The Middlesex County Democrat wants the state to build this equipment so small, independent truckers with limited budgets don't have to make that 13 1/2-foot climb. As the New Jersey Motor Truck Association has reminded him, U.S. Occupational Safety and Health Administration rules... Continue to read more at NorthJersey.com...
Access Advertising has long been recognized as one of the nation’s leading placement firms for truck-driver recruiting advertising. It has worked successfully with hundreds of trucking companies of all sizes, from Top 100 firms to companies whose fleets would fit in a large driveway. Every month, its Driver Recruiter News provides reprinted articles, features and editorials on topics of interest to drivers and recruiters. Now Access Advertising has created a simple economic index with which to keep a finger on the pulse of truck-driver employment.
The Driver Recruiting Index (DRI) tracks the weekly number of driver-recruiting ads in selected major-metropolitan newspapers in the United States. Access Advertising employees canvass the Sunday classified-advertising sections of 32 majormetropolitan newspapers whose locations are geographically dispersed across the U.S. The total number of driver-recruiting ads contained in those newspapers comprises the resulting index number.
In order to be counted, an ad need not be located in the “Drivers” or “Transportation” section of the classified ads; the entire classified section is canvassed. Keywords such as “CDL-A” need not be present, but it is this type of commercial driving that is being tracked. (Ads for taxicab drivers, for example, are not counted.) There must be an employment component in the ad in order for it to figure in the index. That is, there must be an offer of employment or (say, in the case of an advertisement for a driver-training school) a promise of placement assistance.
Although not the last word in economic indicators, we believe that the simplicity and consistency of the DRI recommend it as a useful weekly snapshot of economic conditions – particularly relating to employment – in the trucking industry. Its status as leading, lagging or coincident indicator will depend on the purpose with which it is consulted. (For example, employment itself is generally viewed as a lagging indicator of general economic conditions, and the DRI’s direct focus is on employment.)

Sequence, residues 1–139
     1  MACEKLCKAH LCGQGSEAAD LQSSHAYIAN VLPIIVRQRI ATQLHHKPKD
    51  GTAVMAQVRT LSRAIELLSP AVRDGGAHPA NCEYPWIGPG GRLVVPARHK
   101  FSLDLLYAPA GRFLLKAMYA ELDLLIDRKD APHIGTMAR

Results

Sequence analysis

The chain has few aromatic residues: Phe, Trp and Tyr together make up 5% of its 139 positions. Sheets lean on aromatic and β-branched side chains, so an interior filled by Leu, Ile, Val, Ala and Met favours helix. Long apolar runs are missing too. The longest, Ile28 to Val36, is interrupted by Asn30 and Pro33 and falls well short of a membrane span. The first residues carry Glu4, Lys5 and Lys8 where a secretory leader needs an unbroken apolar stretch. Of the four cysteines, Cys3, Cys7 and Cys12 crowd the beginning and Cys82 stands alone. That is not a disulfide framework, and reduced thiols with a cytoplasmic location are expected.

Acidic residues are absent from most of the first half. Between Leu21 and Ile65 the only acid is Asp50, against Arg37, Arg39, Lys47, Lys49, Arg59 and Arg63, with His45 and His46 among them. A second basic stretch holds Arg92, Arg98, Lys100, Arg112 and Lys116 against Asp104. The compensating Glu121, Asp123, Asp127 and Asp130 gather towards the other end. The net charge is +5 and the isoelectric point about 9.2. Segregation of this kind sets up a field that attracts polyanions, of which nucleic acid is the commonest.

The DRI is another in the continuing series of products and services provided by Access Advertising to customers, prospective customers, friends and fellow participants in the world of trucking.
To hear Patrick Quinn and Max Fuller talk about the good ole days of the company they founded 25 years ago is to recall a world that has continually receded in the rearview mirror. Gone are some of the old trappings of trucking as these leaders and their company have ridden—as well as have directed themselves—many of the waves of change within this industry.
For instance when co-chairmen Fuller and Quinn began U.S. Xpress operations with 48 trucks in 1986, the guesstimates on how far a given driver was from his destination have long ago yielded to geo-tracking and real-time satellite communication. “You were right most of the time,” Quinn said of those early days. “But it took a lot of intuitive knowledge.”
Today, when Quinn talks with Tennessee Trucking News about the grease boards on which dispatchers used to update daily the whereabouts of each truck, he might as well be talking about the cave paintings of Lascaux.
“Amazingly, it worked probably 98 percent of the time because people did do what they were supposed to do,” Quinn said. “You knew the driver. You couldn’t verify; it wasn’t Ronald Reagan, ‘trust and verify.’ It was simply trust. You think of going from that to where we are today.”
Twenty five years later, U.S. Xpress is the second-largest privately-owned truckload carrier in the nation, with revenues in 2010 in excess of $1.6 billion. Over the past decade, U.S. Xpress—with a networked fleet of 8,500 trucks, 22,000 trailers and employment of more than 10,000 employees nationwide— has diversified from the traditional long-haul and expedited truckload carrier model. In addition to regional, dedicated and expedited truckload operations, U.S. Xpress is involved in intermodal, logistics, brokerage and even international business with border crossing into Mexico. The U.S. Xpress customer list—with names like Walmart, Home Depot, Target, etc. – is as impressive as anyone’s anywhere. “We’ve kind of got the who’s-who of the Fortune 500,” Fuller said. “We pretty much ship for them all.”
The two men who split the top billing at U.S. Xpress have their specialties: Fuller is the operations and equipment maven; Quinn has seen the country making house calls to customers. Along with providing the vision and leadership that has continually brought operational efficiencies, safety improvements and enhanced levels of customer satisfaction to the industry, Fuller and Quinn have been at the forefront of innovation, adopting technologies that allowed their employees to utilize the best available tools.... Continue to read more in Tennessee Trucking News